Thursday, December 28, 2006


Here is an interesting idea. The best way of getting rid of the
questions regarding the identity of Mobitelea is through Vodafone Plc.
Someone (preferably Kenyan) should buy 100 shares in Vodafone Plc (UK listed company) and then ask the Board questions about Mobitelea-Safaricom shareholding at the next AGM(Annual General Meeting) in 2007.
The issue will be settled, quickly and cheaply without any Commissions of Inquiry and Task-forces being appointed.

By the way this idea is inspired by a story (which I cant verify). I heard that
GREENPEACE (the guys and gals who used to chain themselves to ships and trains carrying toxic waste) used it.
Several years ago, GREENPEACE needed to ask
BP Plc (the oil giant) a couple of questions about oil exploration and the Environment. They went to the management of BP but were unsatisfied with the answers they were getting.

Someone had a brainwave and decided, why not buy a couple of BP shares then ask the questions as a shareholder at the AGM.
Of course asking the questions as a shareholder had a better response for GREENPEACE.

Oh and if anyone knows more about the GREENPEACE/BP story in detail do tell.


MainaT said...

Pesa-tu, already thought of this. However, my issue is that I don't think that in the eyes of UK laws, Vod will have any problems. They have always disclosed what portion of Safaricom they own.

The question to Vod would only work if it wa framed around why given that Vod say that it only holds 35% does it want another 9% as this would still not give it the 51% for control?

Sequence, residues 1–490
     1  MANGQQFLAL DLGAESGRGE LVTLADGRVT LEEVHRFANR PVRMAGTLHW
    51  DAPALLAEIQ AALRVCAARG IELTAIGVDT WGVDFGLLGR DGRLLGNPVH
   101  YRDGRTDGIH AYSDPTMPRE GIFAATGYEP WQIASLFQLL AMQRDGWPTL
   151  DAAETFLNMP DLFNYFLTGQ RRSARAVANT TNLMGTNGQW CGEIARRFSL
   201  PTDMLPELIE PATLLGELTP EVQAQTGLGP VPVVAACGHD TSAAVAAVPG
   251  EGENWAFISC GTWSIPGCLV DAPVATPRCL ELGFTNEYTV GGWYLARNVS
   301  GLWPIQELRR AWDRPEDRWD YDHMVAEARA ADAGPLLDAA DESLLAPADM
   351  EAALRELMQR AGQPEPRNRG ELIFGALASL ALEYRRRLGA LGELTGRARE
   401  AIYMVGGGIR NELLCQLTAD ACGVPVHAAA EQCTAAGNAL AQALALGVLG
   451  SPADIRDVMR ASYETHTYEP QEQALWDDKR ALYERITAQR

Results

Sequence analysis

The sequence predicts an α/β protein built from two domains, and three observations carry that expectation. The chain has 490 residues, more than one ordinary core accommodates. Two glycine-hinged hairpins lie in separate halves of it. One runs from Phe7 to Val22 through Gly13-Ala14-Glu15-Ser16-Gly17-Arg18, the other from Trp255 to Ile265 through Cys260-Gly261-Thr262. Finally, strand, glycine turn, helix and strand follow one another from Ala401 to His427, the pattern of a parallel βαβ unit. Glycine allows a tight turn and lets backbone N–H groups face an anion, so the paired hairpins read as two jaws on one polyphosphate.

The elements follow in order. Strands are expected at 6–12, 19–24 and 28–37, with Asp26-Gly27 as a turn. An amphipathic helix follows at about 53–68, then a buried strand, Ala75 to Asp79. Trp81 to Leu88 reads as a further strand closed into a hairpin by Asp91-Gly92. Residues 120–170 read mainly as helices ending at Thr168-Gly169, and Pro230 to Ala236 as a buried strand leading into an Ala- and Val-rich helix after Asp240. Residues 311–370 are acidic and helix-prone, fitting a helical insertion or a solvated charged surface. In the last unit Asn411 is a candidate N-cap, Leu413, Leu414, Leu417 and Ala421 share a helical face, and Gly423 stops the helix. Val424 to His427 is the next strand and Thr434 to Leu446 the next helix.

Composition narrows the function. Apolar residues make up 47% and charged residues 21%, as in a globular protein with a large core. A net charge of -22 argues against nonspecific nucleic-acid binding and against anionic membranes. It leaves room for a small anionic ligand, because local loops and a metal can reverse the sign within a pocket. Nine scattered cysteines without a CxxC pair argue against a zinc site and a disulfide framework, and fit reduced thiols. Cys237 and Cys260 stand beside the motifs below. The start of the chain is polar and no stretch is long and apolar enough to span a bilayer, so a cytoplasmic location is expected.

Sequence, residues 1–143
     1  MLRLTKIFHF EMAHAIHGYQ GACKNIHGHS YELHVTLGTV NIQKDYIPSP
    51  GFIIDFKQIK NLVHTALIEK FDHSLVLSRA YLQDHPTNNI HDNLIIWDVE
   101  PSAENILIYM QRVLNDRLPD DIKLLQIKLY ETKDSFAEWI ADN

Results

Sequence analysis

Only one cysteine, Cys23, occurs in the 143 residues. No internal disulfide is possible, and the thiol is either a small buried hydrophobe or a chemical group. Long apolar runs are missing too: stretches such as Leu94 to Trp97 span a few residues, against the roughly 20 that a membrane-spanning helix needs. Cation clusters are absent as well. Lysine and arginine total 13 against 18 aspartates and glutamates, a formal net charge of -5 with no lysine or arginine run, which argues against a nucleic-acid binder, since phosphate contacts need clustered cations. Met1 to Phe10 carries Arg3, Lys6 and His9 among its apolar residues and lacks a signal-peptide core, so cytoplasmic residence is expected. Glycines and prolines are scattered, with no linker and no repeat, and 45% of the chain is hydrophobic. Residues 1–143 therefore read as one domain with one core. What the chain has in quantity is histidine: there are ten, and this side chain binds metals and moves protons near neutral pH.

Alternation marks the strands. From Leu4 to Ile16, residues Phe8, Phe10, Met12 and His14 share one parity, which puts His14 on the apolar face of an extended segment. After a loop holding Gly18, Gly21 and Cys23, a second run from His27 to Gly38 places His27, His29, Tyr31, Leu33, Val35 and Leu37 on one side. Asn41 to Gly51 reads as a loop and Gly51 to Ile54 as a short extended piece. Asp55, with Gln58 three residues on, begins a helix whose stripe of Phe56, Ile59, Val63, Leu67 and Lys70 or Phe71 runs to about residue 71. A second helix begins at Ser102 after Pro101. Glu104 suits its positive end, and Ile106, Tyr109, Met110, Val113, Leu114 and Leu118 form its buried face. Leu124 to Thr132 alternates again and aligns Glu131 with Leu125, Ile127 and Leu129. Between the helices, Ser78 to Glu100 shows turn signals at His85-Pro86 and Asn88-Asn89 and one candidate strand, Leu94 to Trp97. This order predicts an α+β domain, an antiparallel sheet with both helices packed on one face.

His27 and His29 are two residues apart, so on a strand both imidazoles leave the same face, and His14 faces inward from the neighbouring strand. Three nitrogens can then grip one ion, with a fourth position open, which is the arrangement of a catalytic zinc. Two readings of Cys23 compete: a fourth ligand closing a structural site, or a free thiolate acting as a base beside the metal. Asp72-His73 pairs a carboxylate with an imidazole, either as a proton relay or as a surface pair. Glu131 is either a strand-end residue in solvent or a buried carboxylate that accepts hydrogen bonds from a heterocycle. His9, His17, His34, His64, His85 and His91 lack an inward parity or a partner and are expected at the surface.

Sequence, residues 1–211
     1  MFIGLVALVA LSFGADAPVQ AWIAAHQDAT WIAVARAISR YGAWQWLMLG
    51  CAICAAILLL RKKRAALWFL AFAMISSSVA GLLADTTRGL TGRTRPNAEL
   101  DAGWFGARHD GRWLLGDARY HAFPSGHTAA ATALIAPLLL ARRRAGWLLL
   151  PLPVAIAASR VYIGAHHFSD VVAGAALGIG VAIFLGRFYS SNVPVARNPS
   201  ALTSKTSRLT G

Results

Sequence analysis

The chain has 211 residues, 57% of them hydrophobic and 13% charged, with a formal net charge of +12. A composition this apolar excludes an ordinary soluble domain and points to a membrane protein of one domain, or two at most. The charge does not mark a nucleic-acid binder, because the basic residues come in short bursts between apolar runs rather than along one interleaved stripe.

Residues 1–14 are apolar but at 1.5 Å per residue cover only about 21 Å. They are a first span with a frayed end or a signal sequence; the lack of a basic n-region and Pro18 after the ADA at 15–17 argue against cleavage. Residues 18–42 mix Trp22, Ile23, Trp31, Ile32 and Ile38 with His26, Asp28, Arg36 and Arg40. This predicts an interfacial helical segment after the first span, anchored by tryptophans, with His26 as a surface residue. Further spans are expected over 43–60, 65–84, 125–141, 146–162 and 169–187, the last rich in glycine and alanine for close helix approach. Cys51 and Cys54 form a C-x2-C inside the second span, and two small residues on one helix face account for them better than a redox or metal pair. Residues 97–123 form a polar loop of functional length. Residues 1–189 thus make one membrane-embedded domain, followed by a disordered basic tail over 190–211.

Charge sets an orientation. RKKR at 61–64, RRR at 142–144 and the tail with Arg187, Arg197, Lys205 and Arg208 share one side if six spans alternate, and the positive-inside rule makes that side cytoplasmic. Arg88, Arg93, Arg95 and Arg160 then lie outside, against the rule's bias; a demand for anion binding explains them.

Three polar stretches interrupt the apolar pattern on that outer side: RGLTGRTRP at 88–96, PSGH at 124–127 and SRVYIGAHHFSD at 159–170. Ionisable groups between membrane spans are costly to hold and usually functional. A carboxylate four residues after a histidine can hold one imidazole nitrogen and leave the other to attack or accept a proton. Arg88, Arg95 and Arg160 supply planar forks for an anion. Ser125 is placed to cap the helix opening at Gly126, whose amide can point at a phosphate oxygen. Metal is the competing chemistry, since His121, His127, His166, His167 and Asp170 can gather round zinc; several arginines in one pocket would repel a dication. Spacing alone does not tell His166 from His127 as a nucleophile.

Steve said...

Here is a link to the BP/Greenpeace saga.

mwasjd said...

If Vodafone didn't consult the govt before selling the 5% to Mobitelea, does it mean that the govt did not have pre-emtive rights, or Vodafone buldozed the deal through?

If it is the latter, does it mean that Vodafone gave up it's right to question the govt on pre-emptive rights, thus meaning the govt can get the highest bidder (e.g. other investor, NSE shareholders) for the % it is selling without considering Vodafone??

pesa tu said...

MainaT-No vodafone hasnt broken any UK law.but if it gives us a breakdown of the holding co. structure between Vodafone Kenya Ltd and Vodaone PLc. we can trace where Mobitelea is based/registered.

Safaricom has a shareholder management agreement that gives Vodafone more control than the actual shares that it owns.Plus it has two extra shares under the agmt that gives it some sort of veto on some mgt. decisions.
thats why the numbers dont add up.

@Steve: thanks man.

pesa tu said...

@mwasjd:Vodafone didnt need to consult Govt. since it sold to Mobitelea a stake in Vodafone Kenya ltd.Not a stake in Safaricom.
Remember that Vodafone Kenya Ltd is a private company where the government isnt a shareholder.
However, Vodafone Kenya ltd's. main asset is 40% of by owning a piece of Vodafone Kenya Ltd, Mobitelea indirectly owns a piece of Safaricom i.e. 5%.
Thats why Vodafone Plc uses words like 'Indirect' and 'effective' in describing its Safaricom stake.Because thats the legally correct way of describing the nature of the holding in Safaricom.
Pre-emptive rights on Safaricom apply to Govt. and Vodafone Plc because its a private co.
However, if vodafone Plc. turns down the offer made by Gvt. the way is clear for an IPO.

Anonymous said...

Well I know exactly who was behind Mobitelea in 2000. However you have to read the Daily Telegraph article on the shareholding structure to understand the structure of the share transactions between VKL, Vodafone Holdings NV and Mobitelea to understand that Mobitelea had to stump up cash for the shares to Vodafone to acquire 25% of VKL of which half were subsequently sold back (at a profit for Mobitelea to Vodafone Holdings).

Anonymous said...

MOBITELEA in full stands for MOi BIwott TELecommunication East Africa. Don't give yourself ulcers thinking when from the acronyms you have a better idea.

pesa tu said...

@Anon: Poor u torturing ur mind to come up with wierd acronyms.
Just come up with the FACTS